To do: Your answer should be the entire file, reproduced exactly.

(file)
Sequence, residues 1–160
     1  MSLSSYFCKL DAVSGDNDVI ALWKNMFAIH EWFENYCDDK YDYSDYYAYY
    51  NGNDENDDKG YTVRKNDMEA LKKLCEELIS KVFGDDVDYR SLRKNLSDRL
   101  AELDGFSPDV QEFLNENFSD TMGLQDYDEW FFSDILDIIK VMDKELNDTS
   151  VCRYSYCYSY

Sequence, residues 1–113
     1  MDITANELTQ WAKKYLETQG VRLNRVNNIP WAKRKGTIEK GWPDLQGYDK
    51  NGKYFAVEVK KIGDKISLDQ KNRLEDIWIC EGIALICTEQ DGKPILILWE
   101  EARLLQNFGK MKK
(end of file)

Sequence, residues 1–160
     1  MSLSSYFCKL DAVSGDNDVI ALWKNMFAIH EWFENYCDDK YDYSDYYAYY
    51  NGNDENDDKG YTVRKNDMEA LKKLCEELIS KVFGDDVDYR SLRKNLSDRL
   101  AELDGFSPDV QEFLNENFSD TMGLQDYDEW FFSDILDIIK VMDKELNDTS
   151  VCRYSYCYSY

Sequence, residues 1–113
     1  MDITANELTQ WAKKYLETQG VRLNRVNNIP WAKRKGTIEK GWPDLQGYDK
    51  NGKYFAVEVK KIGDKISLDQ KNRLEDIWIC EGIALICTEQ DGKPILILWE
   101  EARLLQNFGK MKK